Intro to TypeScript 1.5 beta – Functions Part 2

TypeScript

This is the third post in a series on getting to know TypeScript. If you missed the first couple posts feel free to go back and read them.

  1. Intro to Typescript 1.5 beta – Types
  2. Intro to TypeScript 1.5 beta – Interfaces
  3. Intro to TypeScript 1.5 beta – Functions Part 1

But I Don’t Want To Type That Much

If you feel that typing the whole function out like that gets a little redundant and would like to save a few keystrokes you do have options. It is possible to leave types off of one side of the equation and the compiler will be able to determine the types on the other side. This is called “contextual typing” and can help save some work to type your program.

Contextual Typing
// multiplyInferredType has the full function type
var multiplyInferredType = function (x: number, y: number): number { return x * y; };

// The parameters 'x' and 'y' have the type number
var multiplyInferredType2: (baseValue: number, increment: number) => number =  
    function (x, y) { return x * y; };

Parameters Are Not Optional

Unlike in JavaScript the parameters of a function are not optional. This means if you call a functions with the incorrect number of parameters the compiler will throw an error.

If you would like to be able to call a function but have the option to omit some parameters the they would have to be made optional. To make a parameter optional you use a question mark after the name before the colon myNumber?: number. Optional parameters must come after the required parameters.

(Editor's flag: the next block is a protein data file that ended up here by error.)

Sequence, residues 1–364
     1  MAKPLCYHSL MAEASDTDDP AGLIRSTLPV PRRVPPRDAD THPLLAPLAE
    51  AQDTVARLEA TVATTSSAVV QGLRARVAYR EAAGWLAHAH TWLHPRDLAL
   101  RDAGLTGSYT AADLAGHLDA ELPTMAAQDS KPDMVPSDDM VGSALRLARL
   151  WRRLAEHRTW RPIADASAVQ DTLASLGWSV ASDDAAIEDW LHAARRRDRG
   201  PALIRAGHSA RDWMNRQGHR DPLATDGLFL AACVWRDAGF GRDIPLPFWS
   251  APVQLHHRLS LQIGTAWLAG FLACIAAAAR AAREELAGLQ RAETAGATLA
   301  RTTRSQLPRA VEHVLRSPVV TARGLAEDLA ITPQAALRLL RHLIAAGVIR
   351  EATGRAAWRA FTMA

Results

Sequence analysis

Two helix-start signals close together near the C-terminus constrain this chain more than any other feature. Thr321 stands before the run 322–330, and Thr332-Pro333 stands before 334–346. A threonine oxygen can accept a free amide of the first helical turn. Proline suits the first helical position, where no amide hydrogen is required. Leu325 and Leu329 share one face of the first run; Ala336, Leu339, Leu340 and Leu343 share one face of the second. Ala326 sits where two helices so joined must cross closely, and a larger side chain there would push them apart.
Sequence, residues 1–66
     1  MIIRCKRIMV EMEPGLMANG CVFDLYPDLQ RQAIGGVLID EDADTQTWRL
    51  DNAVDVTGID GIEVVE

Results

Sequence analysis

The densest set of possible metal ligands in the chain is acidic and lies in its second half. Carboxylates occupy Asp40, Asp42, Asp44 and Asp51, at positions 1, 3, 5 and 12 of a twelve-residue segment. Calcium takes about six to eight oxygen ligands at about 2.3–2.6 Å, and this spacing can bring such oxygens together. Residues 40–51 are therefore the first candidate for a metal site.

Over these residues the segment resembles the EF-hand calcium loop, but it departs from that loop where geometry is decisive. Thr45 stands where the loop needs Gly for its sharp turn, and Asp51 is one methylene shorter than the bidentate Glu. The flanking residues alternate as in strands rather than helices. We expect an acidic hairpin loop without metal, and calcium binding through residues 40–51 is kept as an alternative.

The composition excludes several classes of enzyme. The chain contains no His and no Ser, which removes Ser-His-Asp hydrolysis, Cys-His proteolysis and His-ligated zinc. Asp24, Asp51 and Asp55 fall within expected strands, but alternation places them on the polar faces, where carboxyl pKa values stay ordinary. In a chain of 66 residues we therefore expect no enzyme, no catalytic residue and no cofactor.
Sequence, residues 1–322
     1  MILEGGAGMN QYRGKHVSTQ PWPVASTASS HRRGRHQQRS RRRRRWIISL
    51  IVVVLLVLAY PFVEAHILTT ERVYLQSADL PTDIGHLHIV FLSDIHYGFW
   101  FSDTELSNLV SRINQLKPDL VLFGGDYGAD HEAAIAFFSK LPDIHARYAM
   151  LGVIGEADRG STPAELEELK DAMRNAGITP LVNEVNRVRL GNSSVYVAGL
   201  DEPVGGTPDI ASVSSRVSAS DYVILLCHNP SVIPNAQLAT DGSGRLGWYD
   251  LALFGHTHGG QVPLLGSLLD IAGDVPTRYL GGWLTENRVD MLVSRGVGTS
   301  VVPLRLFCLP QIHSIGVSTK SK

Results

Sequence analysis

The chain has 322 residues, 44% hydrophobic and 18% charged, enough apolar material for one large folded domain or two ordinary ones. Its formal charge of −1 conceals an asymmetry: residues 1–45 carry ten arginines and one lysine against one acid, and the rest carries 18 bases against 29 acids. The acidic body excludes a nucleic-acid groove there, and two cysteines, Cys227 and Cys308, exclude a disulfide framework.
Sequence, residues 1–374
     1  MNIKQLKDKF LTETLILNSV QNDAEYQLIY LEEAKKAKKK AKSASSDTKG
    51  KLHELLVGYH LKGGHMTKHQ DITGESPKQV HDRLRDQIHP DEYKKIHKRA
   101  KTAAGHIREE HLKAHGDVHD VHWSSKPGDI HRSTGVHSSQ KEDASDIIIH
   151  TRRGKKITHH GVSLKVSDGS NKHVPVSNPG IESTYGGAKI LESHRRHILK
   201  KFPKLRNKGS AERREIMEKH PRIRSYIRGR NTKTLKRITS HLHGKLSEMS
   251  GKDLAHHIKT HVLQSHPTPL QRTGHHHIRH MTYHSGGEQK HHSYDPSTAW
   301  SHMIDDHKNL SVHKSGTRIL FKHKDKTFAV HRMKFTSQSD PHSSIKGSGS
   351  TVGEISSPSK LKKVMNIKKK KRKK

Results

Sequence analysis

Optional Parameter
// Optional Parameters
function add2Or3Numbers(one: number, two: number, three?: number): number {  
    if (three) {
        return one + two + three;
    } else {
        return one + two;
    }
}

But I Always Want it to Be X Unless I Tell it to Be Y

It is also possible to specify default values for parameters. This is down with assigning a value in the parameter definition list.

Default Parameter
// Default Parameters
function add2Or3NumbersWithDefault(one: number, two: number, three = 0): number {  
        return one + two + three;
}

What About the Rest (of the) Parameters

Now that we know how to deal with optional and default parameters you may be wondering how to deal with an unknown number of parameters. Well just like JavaScript had Arguments to gather all unspecified arguments into a single accessible parameter, TypeScript has the Rest Parameter. The Rest Parameter is defined by an ellipsis (…) before it’s name ...restParameter and the compiler will build an array of the arguments you pass into the function that you can access from the specified name.

Rest Parameter
// Rest Parameters
function sumAllTheThings(...numbers: number[]): number {  
    var results = 0;
    for (var num of numbers) {
        results += num;
    }
    return results
}

When defining a function type of a function that uses Rest Parameters don’t forget to use the ellipsis’s.

Rest Parameter Typed
// Typing a function that uses Rest Parameters
var sumAllTheThingsFunction: (...rest: number[]) => number = sumAllTheThings;  

Now that we have an understanding of contextual typing; optional, default, and rest parameters lets take a little break to let it all soak in. Check back later when we look into lambdas, overloaded functions and function interfaces.

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